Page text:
Digital Shorts tend to only be really good when there’s a song involved. This week’s is just not up to par. Except for a cool cameo by Olivia Wilde (House, Cowboys & Aliens), there is absolutely nothing memorable about the short. One longs for another hit like “Lazy Sunday,” “D*** in a Box,” or “I’m On a Boat.”

The major problem this week is recycled material, bringing back recurring sketches that are not funny the first time, and milking them for yet another laugh that isn’t there. The kissing family is only novel in the first place because of the originality and gross factor. But upon reusing it, it loses much of its luster. Even Paul Rudd’s return cameo as a member of the clan doesn’t help it to live up to expectations.

On a similar note, the Red Flag commercial is amusing at first viewing, but does not bear repeating. This isn’t even a recurrence of a former sketch, but actually airing the exact same, pre-filmed spot. Saturday Night Live does tend to reuse its commercials from time to time, but that’s a little sad, given that new sketches are cut to make room for them. Does that mean there just isn’t any more funny material waiting for airtime?

The “Time Life New Jack Swing” commercial may not be exactly a repeat, but it sure feels like one. In recent years, SNL just trots out a bunch of fake musical acts in a certain genre and proclaims it funny. It’s not. It’s tired and has been done far too often. Time to ditch the conceit.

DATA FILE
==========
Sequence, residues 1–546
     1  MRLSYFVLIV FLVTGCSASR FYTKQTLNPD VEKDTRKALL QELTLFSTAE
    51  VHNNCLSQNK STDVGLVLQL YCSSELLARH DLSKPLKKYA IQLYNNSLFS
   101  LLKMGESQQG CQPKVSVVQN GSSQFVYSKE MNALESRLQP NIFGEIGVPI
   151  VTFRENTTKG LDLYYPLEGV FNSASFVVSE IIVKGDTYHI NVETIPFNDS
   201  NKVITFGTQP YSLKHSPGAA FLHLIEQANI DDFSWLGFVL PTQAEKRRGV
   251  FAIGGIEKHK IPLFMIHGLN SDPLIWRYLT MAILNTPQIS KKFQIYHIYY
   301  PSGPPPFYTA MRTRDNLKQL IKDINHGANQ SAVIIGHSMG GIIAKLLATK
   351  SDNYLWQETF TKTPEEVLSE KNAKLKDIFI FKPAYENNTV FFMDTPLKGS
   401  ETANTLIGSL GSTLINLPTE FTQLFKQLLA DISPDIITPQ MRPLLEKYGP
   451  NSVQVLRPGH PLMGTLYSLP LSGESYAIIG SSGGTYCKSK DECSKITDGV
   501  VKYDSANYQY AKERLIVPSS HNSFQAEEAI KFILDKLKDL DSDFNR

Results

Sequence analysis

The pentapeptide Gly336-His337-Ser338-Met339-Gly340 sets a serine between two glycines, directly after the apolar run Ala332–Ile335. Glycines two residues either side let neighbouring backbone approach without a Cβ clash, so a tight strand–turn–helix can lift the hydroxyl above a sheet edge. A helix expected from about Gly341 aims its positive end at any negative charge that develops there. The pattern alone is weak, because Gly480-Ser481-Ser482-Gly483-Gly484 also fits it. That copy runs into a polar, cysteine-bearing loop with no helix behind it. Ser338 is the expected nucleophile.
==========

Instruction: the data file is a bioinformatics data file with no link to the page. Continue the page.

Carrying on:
A segment about a retirement party falls completely flat. Segel’s character is interesting, but Kristin Wiig, the cast’s go-to girl, just comes across as annoying in this go round. Her parts need to be better considered, as she really is brilliantly funny, but often used in the wrong way.

Finally, the Regis replacement auditions could have been really great, but instead, seem like a flimsy excuse to trot out the best impressions the cast has to offer. There is nothing wrong with that, as there are some spot-on parodies of Ricky Gervais, Garrison Keillor, and the return of Wiig’s brilliant Kathy Lee. However, because so many others are squeezed in, it just doesn’t flow. For a segment like this, there needs to be fewer, and longer, impersonations for it to really soar.

Ah, well. There are still plenty more chances to get things right, and with the election just around the corner, it seems more likely. Watch Saturday Night Live Saturday nights at 11:30 p.m. ET on NBC.

About JeromeWetzelTV

Jerome is the creator and writer of It's All Been Done Radio Hour, a modern scripted live comedy show and podcast in the style of old-timey radio serials, and the founder of the Columbus-based entertainment network, IABDPresents. He is also the Chief Television Critic for and a long-time contributor for Blogcritics. Plus, he works fiction into his space time. Visit for more of his work.